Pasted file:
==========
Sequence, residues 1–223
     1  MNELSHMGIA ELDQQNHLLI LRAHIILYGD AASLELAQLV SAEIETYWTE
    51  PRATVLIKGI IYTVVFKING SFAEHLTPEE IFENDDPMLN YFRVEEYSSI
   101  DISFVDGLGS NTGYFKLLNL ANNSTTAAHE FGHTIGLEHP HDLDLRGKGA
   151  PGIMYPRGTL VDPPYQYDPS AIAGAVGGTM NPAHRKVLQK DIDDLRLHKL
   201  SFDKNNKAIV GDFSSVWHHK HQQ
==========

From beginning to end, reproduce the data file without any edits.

Sequence, residues 1–223
     1  MNELSHMGIA ELDQQNHLLI LRAHIILYGD AASLELAQLV SAEIETYWTE
    51  PRATVLIKGI IYTVVFKING SFAEHLTPEE IFENDDPMLN YFRVEEYSSI
   101  DISFVDGLGS NTGYFKLLNL ANNSTTAAHE FGHTIGLEHP HDLDLRGKGA
   151  PGIMYPRGTL VDPPYQYDPS AIAGAVGGTM NPAHRKVLQK DIDDLRLHKL
   201  SFDKNNKAIV GDFSSVWHHK HQQ